More than 5,500 volunteers have participated in the investigation, launched on 4 May 2021 as part of the innovative Amnesty Decoders platform. The project is ongoing to collect data on the remaining two New York boroughs, but already volunteers have analysed 38,831 locations across the city.
It was a global effort - volunteers from 144 countries participated, with the largest group of volunteers (26%) being in the United States. In just three weeks, volunteers contributed an eye-watering 18,841 hours - more than 10 working years for a researcher working full time in the USA. Participants were given Google Street View images of locations around New York City and asked to tag cameras, with each intersection analysed by three volunteers. The total figures include a mix of both public and private cameras, both of which can be used with FRT.
The data for Decode Surveillance NYC was generated by several thousand digital volunteers. Volunteers participated via the Amnesty Decoders platform, which uses microtasking to help our researchers answer large-scale questions.
For Decode Surveillance NYC volunteers were shown a Google Street View panorama image of an intersection and asked to find surveillance cameras. In addition, we asked volunteers to record what cameras were attached to. Volunteers were presented with three options: 1, street light, traffic signal or pole; 2, building; 3, something else. If they selected “street light, traffic signal or pole”, they were asked to categorize the camera type as: 1, dome or PTZ; 2, bullet; 3, other or unknown.
Volunteers were supported throughout by a tutorial video, visual help guide, and moderated forum. On average each volunteer took 1.5 minutes to analyze an intersection.
Information about what the camera was attached to and its type was used as a proxy for public or private ownership. For the purposes of the research it was assumed that cameras attached to buildings were likely to be privately owned. Cameras, such as dome cameras, attached to street lights, traffic signals or roadside poles, were most likely to be owned by a government agency with the permission and access to install them.
Each intersection was evaluated by three volunteers. The data published on 3 June 2021 is the median camera count of these three evaluations per intersection. We chose to use the median as it is least susceptible to outliers and individual errors, leveraging the “wisdom of the crowd”. Counts were normalized by the number of intersections within each administrative unit to account for different surface areas.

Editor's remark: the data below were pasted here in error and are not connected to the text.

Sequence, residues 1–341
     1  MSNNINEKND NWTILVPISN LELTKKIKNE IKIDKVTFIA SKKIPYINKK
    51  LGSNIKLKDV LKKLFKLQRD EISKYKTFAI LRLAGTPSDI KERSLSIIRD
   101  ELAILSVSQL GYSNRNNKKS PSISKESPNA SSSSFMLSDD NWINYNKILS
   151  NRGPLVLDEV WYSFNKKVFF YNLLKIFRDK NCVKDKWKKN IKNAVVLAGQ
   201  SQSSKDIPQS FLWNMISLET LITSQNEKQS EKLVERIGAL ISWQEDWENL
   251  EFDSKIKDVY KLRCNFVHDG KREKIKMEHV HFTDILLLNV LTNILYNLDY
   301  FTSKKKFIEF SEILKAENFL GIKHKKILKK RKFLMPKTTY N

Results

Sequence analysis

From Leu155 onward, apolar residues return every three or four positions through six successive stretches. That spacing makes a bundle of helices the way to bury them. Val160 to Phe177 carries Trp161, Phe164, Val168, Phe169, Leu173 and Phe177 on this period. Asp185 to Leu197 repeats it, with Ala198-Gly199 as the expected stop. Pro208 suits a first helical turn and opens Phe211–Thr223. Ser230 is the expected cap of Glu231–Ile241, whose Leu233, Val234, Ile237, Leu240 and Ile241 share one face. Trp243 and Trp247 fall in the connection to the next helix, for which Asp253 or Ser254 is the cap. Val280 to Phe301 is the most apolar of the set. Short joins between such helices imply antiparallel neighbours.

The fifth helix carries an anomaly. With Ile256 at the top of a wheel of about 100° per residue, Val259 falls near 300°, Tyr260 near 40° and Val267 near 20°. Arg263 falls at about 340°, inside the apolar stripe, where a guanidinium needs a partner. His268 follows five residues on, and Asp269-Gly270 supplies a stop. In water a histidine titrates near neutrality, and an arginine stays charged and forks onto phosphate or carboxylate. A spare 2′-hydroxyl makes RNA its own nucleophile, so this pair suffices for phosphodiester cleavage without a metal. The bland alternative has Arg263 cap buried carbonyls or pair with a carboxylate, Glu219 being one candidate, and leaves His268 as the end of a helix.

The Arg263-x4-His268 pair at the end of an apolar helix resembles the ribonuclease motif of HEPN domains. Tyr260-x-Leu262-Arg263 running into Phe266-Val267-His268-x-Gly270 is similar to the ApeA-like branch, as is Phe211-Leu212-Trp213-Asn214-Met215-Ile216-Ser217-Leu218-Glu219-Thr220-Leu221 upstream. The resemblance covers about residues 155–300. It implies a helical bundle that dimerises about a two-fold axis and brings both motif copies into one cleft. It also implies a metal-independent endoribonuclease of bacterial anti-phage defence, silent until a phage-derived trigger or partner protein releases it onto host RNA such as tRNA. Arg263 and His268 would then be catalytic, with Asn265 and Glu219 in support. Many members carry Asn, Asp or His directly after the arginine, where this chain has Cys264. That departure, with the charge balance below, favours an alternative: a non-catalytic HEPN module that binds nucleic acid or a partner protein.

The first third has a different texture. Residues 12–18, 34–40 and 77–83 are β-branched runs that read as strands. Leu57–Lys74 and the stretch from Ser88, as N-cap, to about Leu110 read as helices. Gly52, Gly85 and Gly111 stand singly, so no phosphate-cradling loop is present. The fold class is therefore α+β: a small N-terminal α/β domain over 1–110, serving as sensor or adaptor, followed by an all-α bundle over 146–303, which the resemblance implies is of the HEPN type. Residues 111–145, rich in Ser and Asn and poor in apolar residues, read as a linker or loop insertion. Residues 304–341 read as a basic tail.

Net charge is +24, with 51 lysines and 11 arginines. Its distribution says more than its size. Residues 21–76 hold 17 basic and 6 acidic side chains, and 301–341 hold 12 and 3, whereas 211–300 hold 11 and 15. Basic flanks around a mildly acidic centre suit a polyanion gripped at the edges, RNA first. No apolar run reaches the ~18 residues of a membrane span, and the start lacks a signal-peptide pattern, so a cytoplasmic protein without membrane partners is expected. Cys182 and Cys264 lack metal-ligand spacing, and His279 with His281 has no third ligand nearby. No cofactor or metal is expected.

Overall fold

Our data science team also used a qualitative review of a subset of intersections by an expert to look for systematic errors or biases, such as volunteers tagging only one of two cameras on NYPD Argus boxes.
This preliminary analysis ensures correct orders of magnitude, sufficient for early conclusions. Finer-grained analysis will follow, including bootstrapped confidence intervals. We will also assess quality metrics such as precision and recall to compare the decoders’ aggregation to expert judgement on a small representative subset of intersections.
3D modelling was used to demonstrate the estimated distance from which an NYPD Argus camera could capture video footage processable by facial recognition software.
In the absence of technical specifications for the NYPD Argus cameras, we researched commercial models. According to historical Google Street View imagery, the camera we modelled was installed between November 2017 and June 2018. Data on commercial cameras available at the time suggest that it is likely to be a Pan, Tilt, and Zoom (PTZ) model containing a 6–134 mm varifocal lens able to film at 4K or 8 megapixel resolution.
The 3D model shows that the camera could potentially monitor neighbouring roads and capture faces in high definition from as little as few metres to up to 200 metres (or two blocks) away.
For more information about the project, log into Decode Surveillance NYC to see the Help Guide. Decode Surveillance NYC was scoped and designed with past camera mapping projects in mind, such as the 1998 and 2006 walking surveys conducted by New York Civil Liberties Union (NYCLU).